For Some Endangered Species, this may be Technology’s Finest Hour

The annual Dubai Lynx Awards is tomorrow night. The night when the cream of the advertising and marketing sectors come together and either strut like peacocks onto stage or sit still and pretend to be good losers. My conscience is clear with this disparagement. Before I become an editor, I had occasion to be both peacock and pretender at this awards show (a pretender many, many more times than a peacock, just to be clear).

In fairness the evening itself, year on year, provides more empirical evidence that advertising standards in the region no longer have to grovel in the dust compared with the brilliance and creativity of the western world. The Dubai Lynx winners of today tend to be magnificent, and iconic to the culture they serve.

Endangered Voices

This year, there’s a rather special advertising campaign that’s a contender for honours. It’s called Endangered Voices. Created by Leo Burnett for the Society for the Protection of Nature in Lebanon (SPNL) and Homat al Himal(HHI), what makes this campaign special are the mechanics which make it effortless for big brands to help endangered species. And that’s just the half of it. The effortlessness is matched to an engagement which is more binding every time there’s a touchpoint between brand and consumer.

We’ve explained the idea in a prior article, but let’s recap. Endangered Voices asks companies to tweak their branding for a short time. All the companies have to do is to replace whatever sonic device they use when their logo appears with the call of an endangered species, crafted by technology to mimic the one or two second tune of the brand’s identity.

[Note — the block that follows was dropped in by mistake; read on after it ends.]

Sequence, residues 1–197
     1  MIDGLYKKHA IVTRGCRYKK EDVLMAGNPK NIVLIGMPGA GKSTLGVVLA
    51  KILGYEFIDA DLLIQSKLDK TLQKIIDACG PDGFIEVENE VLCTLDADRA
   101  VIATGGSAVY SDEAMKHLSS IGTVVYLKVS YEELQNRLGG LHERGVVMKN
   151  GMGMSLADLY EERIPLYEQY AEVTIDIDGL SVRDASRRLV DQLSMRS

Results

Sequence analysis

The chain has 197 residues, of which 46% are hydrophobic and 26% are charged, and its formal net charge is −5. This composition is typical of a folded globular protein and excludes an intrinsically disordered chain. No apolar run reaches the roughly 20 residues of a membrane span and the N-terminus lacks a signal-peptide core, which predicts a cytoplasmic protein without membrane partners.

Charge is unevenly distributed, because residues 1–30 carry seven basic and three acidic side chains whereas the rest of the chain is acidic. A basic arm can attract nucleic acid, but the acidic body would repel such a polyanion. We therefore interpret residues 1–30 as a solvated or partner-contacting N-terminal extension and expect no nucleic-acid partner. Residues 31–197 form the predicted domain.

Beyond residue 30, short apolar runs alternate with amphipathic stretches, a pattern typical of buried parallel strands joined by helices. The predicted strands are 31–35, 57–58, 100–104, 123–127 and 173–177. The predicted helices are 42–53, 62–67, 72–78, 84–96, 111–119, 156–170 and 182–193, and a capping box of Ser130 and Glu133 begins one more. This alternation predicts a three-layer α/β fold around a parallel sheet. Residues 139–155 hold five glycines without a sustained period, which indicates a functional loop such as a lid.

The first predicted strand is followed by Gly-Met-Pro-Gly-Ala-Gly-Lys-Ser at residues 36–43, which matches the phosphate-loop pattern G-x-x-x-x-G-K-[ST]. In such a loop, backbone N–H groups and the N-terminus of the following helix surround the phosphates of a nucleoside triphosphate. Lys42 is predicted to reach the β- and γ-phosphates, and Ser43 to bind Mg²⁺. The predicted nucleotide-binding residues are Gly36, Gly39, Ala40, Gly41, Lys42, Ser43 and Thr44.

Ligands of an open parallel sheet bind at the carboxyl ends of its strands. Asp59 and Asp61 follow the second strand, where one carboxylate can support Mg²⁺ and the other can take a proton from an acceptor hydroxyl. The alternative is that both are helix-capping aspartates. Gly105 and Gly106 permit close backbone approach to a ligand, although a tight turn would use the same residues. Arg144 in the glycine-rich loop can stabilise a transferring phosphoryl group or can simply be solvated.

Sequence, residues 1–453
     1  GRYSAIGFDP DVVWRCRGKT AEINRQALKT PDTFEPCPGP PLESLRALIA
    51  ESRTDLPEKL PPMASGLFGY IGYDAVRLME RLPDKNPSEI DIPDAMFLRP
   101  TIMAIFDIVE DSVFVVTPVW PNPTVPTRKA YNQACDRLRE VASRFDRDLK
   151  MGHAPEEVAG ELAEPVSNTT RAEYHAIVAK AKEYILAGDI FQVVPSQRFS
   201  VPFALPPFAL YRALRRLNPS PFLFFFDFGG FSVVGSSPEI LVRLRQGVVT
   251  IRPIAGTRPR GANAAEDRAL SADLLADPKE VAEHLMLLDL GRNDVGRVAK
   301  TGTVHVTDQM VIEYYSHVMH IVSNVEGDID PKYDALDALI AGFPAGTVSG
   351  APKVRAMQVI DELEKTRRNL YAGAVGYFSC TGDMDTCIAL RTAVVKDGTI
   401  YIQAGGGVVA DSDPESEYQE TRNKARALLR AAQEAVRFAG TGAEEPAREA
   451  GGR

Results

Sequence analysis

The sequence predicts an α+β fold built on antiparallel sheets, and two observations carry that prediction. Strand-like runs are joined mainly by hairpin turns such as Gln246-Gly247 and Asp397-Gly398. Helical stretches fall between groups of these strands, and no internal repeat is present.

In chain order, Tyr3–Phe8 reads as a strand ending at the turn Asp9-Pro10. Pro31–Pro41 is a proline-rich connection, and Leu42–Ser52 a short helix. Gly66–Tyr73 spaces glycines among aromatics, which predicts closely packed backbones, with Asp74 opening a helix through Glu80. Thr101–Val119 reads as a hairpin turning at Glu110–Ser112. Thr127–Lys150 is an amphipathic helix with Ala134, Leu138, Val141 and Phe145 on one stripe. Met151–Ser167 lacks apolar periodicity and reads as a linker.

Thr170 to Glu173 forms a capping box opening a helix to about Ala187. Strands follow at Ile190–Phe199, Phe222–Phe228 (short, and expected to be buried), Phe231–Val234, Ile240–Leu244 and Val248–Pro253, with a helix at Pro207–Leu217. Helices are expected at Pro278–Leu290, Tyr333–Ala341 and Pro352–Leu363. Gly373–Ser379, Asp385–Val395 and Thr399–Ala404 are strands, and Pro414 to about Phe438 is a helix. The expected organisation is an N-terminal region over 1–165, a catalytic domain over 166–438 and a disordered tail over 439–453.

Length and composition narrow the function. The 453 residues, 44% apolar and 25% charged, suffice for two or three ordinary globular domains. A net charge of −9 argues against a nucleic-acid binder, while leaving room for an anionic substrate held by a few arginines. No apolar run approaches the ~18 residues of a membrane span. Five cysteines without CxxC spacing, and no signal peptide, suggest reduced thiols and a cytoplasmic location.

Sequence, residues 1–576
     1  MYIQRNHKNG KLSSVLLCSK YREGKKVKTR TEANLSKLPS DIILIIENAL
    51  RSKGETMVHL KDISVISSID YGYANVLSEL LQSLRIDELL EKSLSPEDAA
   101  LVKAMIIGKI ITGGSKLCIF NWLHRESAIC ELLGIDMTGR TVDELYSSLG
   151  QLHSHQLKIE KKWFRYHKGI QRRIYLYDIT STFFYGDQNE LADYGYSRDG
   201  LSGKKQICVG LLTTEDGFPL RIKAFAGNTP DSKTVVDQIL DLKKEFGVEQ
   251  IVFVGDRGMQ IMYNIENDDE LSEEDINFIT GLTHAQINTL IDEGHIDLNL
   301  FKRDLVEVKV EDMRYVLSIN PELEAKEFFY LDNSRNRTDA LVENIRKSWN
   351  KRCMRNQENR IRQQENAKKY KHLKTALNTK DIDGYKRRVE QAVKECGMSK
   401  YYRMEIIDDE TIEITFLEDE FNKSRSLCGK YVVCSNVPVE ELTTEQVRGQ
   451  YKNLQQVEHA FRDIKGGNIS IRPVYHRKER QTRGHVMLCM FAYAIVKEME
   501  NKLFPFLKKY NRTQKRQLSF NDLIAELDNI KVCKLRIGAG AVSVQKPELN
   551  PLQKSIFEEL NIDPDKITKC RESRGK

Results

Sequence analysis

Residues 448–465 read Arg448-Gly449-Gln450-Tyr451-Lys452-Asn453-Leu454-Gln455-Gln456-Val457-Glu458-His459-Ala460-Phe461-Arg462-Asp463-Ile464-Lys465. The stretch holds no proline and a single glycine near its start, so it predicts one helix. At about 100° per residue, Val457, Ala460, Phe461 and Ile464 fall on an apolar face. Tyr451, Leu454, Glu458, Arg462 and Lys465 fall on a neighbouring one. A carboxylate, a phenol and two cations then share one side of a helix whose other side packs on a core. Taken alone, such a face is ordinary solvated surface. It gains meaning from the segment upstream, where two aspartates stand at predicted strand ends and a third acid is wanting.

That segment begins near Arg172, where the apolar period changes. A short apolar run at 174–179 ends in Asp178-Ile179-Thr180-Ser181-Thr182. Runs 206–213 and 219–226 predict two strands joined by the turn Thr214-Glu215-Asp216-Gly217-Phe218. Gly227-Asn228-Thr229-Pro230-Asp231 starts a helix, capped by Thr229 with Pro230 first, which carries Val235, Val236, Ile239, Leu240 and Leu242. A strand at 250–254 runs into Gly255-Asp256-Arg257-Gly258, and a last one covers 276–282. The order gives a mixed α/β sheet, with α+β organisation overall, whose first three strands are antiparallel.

One can make any number of observations about advertising awards. Some call them narcissistic and meaningless, and certainly distracting. Others believe that vanity is still a currency to be traded in the marketing world. Also, that awards are the distinction between an advertising agency of quality and one that, well, has none.

I think these viewpoints have a certain validity. But in the case of Endangered Voices, none are applicable.

Because here is an idea that uses technology not to trick nor to entice. An idea that does not draw attention to itself or its creators. Endangered Voices strikes one at a visceral level, activating or reactivating a sense of community and an optimism that some things are not inevitable; they can change.

And let’s not forget that this is a Lebanese initiative. A country that  remains resilient in the face of a collapsed banking system, stoic about a societal infrastructure reduced to barely skeletal proportions and resigned to the threat of warfare every single day.

In a country where circumstances have conspired to instil a mentality of every man or woman for themselves, they’ve still found the time to remind us that every living creature on earth has as much right to life as we do.

Inside Telecom wishes SPNL and HHI every success with Endangered Voices. We congratulate Leo Burnett for channeling their creative energies so brilliantly towards conservation. And we hope that this idea inspires creative talent around the world.

Phew. Reporting on technology for good. This could become addictive.

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